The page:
Life, liberty, and the pursuit of happiness. When I first learned about the US constitution, I thought the pursuit of happiness was an odd choice there. What did that have to do with government. Certainly the government shouldn't kill people, and certainly it shouldn't deprive them of freedom, but the pursuit of happiness is an internal thing. How could a government have anything to do with that?
I've been reading a history of peri-enlightenment France called "Passionate Minds" recently. It argues that the pursuit of happiness is actually the most subversive of the three unalienable rights. Turns out that monarchies often take their power as a divine gift. In that case, common people are spiritually bound to work for the monarch. Working for yourself is just an affront to god.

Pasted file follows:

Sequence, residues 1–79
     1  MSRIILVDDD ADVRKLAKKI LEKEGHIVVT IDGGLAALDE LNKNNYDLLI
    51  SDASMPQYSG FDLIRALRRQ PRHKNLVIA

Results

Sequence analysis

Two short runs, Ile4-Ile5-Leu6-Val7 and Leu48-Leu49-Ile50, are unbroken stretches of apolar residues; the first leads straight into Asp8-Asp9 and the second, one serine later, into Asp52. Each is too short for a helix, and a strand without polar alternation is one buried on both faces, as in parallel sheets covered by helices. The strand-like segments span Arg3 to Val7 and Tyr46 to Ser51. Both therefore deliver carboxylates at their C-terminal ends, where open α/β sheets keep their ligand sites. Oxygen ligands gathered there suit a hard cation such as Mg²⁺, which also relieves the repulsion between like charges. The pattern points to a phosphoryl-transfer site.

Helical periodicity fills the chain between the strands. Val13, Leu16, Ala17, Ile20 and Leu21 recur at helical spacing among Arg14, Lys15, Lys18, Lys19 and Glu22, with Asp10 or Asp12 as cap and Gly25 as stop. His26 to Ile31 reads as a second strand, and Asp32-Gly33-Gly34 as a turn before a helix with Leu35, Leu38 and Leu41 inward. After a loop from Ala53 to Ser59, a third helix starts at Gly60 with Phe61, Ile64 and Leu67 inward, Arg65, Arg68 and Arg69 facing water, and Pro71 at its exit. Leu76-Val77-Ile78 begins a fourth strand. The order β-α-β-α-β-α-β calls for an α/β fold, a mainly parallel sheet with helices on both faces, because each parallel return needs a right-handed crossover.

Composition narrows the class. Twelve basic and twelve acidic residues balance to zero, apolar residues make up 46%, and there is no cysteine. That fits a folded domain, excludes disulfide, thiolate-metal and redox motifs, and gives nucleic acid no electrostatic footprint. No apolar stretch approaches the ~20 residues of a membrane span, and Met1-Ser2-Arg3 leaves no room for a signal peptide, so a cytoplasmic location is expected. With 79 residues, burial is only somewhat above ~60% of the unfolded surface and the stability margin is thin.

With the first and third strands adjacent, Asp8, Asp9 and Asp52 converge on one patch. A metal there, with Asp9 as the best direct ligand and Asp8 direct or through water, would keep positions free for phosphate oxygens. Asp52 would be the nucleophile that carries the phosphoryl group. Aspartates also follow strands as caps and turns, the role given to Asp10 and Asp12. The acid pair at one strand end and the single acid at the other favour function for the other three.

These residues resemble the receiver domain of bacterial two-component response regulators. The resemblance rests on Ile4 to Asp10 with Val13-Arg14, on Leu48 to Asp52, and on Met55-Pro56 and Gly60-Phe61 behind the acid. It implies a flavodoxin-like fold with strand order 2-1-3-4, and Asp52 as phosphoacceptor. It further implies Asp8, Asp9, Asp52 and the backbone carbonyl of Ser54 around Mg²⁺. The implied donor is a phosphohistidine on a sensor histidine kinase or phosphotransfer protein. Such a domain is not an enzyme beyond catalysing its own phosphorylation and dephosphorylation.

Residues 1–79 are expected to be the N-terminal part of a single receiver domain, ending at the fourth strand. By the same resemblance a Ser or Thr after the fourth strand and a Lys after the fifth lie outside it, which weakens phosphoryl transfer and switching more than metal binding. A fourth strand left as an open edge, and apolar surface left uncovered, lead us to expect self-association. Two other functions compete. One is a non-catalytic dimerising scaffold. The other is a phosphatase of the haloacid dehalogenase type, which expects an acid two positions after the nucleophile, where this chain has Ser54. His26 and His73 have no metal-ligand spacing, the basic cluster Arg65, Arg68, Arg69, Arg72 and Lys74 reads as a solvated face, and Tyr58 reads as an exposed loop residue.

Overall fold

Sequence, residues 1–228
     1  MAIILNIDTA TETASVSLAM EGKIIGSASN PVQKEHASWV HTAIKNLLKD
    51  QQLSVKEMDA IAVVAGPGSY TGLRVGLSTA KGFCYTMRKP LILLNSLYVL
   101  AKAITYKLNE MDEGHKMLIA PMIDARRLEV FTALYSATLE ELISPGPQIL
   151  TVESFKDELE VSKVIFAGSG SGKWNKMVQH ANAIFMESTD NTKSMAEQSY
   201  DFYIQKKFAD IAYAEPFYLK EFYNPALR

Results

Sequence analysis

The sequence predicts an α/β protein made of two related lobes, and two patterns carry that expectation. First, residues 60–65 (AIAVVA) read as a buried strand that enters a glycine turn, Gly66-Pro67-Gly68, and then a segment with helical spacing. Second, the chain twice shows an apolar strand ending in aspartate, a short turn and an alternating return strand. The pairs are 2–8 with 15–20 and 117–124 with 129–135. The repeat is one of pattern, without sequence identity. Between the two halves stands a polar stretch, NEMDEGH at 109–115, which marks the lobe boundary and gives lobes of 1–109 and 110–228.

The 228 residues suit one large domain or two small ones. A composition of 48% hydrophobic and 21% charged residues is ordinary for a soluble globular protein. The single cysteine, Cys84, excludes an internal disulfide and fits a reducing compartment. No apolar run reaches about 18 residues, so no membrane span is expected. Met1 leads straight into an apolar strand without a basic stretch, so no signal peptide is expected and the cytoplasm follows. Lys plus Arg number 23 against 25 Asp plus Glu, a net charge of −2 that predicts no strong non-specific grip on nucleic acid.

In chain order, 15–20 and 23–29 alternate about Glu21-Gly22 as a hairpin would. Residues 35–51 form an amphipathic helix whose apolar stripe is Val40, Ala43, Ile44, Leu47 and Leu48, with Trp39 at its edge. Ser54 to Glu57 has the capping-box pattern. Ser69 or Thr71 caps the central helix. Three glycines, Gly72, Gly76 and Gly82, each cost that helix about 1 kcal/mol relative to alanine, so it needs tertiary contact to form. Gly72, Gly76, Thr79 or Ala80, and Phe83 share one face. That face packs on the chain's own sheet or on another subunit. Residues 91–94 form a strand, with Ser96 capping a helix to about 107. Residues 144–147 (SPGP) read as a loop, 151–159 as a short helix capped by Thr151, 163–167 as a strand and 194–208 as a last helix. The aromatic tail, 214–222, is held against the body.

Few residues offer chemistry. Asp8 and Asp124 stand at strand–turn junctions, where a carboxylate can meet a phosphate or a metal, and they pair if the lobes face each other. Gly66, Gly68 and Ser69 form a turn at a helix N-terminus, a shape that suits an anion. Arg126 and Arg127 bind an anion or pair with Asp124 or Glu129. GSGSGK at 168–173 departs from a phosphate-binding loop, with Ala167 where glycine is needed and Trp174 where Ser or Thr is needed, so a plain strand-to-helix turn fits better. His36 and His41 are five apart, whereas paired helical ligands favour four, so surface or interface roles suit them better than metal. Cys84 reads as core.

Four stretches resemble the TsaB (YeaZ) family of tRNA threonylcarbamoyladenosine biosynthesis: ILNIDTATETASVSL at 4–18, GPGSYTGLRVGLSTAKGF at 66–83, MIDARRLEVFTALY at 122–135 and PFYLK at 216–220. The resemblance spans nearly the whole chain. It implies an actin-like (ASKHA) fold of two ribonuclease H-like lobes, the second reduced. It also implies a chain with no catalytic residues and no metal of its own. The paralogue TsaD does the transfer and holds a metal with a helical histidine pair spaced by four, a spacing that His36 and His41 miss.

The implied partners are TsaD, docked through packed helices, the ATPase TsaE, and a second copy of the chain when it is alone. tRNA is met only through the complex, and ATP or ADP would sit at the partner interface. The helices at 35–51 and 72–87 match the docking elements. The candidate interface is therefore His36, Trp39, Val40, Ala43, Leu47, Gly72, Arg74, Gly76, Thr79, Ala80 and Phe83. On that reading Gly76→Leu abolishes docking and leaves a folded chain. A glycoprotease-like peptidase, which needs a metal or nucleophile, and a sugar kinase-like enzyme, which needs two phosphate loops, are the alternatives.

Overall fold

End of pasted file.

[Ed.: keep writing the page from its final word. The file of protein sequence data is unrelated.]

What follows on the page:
Many people in Christendom seem to have viewed life as a suffer-fest that they worked at so that they could get to heaven. Even if they thought they could improve their life, it wouldn't have seemed acceptable to try. Making the pursuit of happiness a right is directly contradicting much church doctrine of the time.